Enabling Sexual Misconduct
For the past four years, serving on the OCA’s Sexual Misconduct Policy Advisory Committee has heightened my awareness of issues related to sexual abuse in general and more specifically clergy sexual misconduct in the church. I have paid more attention to news stories about such misconduct and abuse and have read more material about the issue, trying to discern what are the appropriate policies for dealing with sexual misconduct in the church, especially that which is done by clergy. We are trying to enforce policies that will bring an end to a culture of willful silence which might enable misconduct to be inflicted upon vulnerable victims.
Recently, while visiting my son in Washington, DC, I went to the Corcoran Gallery of Art. There I saw a painting that for me captured what happens both in society and in the church when leadership engages in sexual misconduct. The painting by Robert Morris was done in 1989 and is titled, Private Silence/Public Violence.
I really don’t know what Morris intended to convey in his work, but it did make me think about sexual misconduct in the church, though the painting has not the hint of sexual anything.
The painting caught my eye because I thought, “Yes, that’s it exactly… Privately, clergy and perhaps men in general choose to stay silent when we observe other men/clergy engaging in sexual harassment, inappropriate sexual conversation or sexual misconduct. We create an unreal world in which we pretend or we delude ourselves into thinking nothing bad is happening while maintaining our image of ourselves that we are normal, decent men. But our silence, our failure or refusal to confront bad behavior, enables the misconduct to continue. We thus tacitly allow victims to be harmed while by our silence approve of what is happening. It takes courage to speak, and it takes good men choosing not to remain silent to bring an end to transgression. Sexual harassment as all sexual misconduct is trespassing.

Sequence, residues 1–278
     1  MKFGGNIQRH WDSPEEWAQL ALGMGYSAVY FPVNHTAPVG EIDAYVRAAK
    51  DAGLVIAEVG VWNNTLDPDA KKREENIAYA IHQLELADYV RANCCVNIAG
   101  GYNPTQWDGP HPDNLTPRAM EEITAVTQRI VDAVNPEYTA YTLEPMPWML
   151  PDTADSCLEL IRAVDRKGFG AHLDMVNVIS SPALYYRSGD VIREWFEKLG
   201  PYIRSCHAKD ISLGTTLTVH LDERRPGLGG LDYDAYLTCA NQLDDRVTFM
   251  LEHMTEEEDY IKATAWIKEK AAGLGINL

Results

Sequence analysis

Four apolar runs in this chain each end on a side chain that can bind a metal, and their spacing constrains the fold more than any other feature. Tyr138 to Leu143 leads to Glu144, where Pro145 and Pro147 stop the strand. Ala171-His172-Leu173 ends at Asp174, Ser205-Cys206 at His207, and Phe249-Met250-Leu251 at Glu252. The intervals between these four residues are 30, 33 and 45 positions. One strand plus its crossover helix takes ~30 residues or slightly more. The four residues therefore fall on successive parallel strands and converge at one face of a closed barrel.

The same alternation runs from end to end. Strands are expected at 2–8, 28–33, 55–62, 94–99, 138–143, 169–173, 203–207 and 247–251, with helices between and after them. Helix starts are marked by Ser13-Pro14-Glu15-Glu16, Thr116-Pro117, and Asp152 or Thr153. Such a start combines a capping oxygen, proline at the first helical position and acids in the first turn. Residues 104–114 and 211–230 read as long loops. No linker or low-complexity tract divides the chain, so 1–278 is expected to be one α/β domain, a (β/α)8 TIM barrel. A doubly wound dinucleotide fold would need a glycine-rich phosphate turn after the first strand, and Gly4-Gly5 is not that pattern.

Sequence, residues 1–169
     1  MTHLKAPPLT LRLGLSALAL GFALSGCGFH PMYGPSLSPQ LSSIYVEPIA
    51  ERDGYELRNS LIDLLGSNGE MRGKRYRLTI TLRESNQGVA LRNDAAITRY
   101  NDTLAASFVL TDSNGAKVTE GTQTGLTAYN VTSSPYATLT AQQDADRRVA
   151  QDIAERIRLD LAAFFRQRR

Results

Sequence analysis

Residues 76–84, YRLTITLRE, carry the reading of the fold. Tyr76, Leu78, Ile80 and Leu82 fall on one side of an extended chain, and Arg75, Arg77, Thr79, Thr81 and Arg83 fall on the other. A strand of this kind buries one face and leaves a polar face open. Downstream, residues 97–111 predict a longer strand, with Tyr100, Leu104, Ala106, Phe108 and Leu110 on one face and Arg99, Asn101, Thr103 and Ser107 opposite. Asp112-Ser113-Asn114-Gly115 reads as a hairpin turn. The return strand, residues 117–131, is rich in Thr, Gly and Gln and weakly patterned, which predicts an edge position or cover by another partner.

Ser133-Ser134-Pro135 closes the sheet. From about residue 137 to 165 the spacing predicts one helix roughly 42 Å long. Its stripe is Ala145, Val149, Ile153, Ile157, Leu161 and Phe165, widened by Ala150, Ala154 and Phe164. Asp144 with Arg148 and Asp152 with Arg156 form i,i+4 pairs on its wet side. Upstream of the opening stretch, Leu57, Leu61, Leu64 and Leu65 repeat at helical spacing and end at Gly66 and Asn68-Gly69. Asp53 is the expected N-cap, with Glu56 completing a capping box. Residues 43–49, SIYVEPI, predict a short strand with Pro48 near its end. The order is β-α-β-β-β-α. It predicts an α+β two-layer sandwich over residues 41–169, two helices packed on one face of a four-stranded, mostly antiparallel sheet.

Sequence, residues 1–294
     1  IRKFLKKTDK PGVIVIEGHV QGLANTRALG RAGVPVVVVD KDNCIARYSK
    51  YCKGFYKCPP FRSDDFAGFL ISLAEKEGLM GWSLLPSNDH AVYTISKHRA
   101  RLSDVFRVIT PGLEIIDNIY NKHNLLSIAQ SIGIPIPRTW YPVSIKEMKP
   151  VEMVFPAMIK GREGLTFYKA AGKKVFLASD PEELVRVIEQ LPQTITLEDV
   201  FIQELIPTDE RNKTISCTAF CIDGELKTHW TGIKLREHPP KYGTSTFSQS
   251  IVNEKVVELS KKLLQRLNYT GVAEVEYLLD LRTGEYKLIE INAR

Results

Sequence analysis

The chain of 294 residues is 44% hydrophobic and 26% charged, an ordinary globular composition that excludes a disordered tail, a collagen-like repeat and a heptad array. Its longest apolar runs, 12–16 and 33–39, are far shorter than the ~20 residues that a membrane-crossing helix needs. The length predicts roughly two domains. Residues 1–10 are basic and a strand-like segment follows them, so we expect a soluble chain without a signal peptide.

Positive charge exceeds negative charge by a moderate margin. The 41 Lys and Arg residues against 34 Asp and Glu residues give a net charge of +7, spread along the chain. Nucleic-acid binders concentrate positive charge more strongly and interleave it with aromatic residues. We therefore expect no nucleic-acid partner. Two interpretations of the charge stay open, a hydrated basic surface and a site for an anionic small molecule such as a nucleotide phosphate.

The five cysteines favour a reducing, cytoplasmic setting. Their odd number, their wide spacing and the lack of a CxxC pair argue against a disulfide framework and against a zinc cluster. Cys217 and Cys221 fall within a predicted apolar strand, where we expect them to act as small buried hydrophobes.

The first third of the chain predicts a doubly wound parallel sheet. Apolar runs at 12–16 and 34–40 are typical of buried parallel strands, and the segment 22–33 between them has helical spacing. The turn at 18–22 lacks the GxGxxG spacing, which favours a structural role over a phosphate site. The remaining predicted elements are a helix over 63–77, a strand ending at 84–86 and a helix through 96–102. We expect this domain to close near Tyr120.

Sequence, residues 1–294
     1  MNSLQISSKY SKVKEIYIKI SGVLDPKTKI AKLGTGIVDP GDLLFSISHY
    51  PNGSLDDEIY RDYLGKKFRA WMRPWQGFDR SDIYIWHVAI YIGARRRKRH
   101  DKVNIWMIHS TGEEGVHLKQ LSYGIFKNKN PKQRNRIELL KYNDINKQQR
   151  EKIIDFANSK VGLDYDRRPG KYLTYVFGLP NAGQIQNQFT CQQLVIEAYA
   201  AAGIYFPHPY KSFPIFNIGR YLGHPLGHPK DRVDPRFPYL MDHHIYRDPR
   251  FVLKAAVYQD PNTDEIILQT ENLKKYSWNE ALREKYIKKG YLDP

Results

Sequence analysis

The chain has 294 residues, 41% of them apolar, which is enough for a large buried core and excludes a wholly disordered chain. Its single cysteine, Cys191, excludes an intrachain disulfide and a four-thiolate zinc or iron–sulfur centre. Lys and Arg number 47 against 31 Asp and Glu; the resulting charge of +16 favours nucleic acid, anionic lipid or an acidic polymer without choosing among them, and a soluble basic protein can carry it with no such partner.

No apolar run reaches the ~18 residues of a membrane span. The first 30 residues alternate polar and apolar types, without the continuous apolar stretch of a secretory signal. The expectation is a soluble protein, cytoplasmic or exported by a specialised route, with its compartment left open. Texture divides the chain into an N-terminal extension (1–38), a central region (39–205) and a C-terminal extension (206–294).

There are many things in the painting that seem so perfect to me in speaking to sexual dereliction. The characters are all male and in the reflection at least smartly dressed. They appear to me to be just having stood up and beginning to applaud what they see. Perhaps they are watching something pass by – but they are also looking at their own reflection. The reality is their thinking is fuzzy, distorted, confused – they see themselves in far better light than they really are. The reality is there is blood on their hands as indicated in the red blur, but in their self image, all is clear. The victims of their behavior don’t even appear in the painting, as I think is true of what one would see in the minds of those who commit sexual misconduct and of those who enable it: the victims don’t exist and they never imagine the victims as fellow human beings. How often perpetrators of sexual wrongdoing deny there are any victims – they don’t exist because the abusers use stealth self-deception to make them invisible.
It is a private silence for it is not openly discussed – rarely is anyone ordering someone else not to talk about it. The secrecy is mutually shared and necessary to maintain the facade that we are good men, not engaging in sin, but behaving as men always behave.
For me, the painting captures what happens in the church in the case of clergy sexual misconduct, especially if we think the misconduct is ‘not that bad’ or barely constitutes misbehavior. It is a consciously chosen silence of our hearts and minds that distorts reality but allows us to see ourselves as well behaved and laudable. Collectively we are like Narcissus looking at his own reflection and falling in love with that reflection, oblivious to what everyone else can see, but trapped in a mirror which reflects the reality we wish to be.
The words of our Savior eerily come to mind:
“This is why I speak to them in parables, because seeing they do not see, and hearing they do not hear, nor do they understand. With them indeed is fulfilled the prophecy of Isaiah which says:
‘You shall indeed hear but never understand, and you shall indeed see but never perceive. For this people’s heart has grown dull, and their ears are heavy of hearing, and their eyes they have closed, lest they should perceive with their eyes, and hear with their ears, and understand with their heart, and turn for me to heal them.‘” (Matthew 13:13-15)
Some may object that these words were directed to the Jews. But during Lent one only has to pay attention to the liturgical poetry and hymns of our church (especially like St. Andrew of Crete) to know that an Orthodox and Patristic way of reading Scripture is to search for their spiritual meaning – namely, how the ancient text can be applied to our lives today.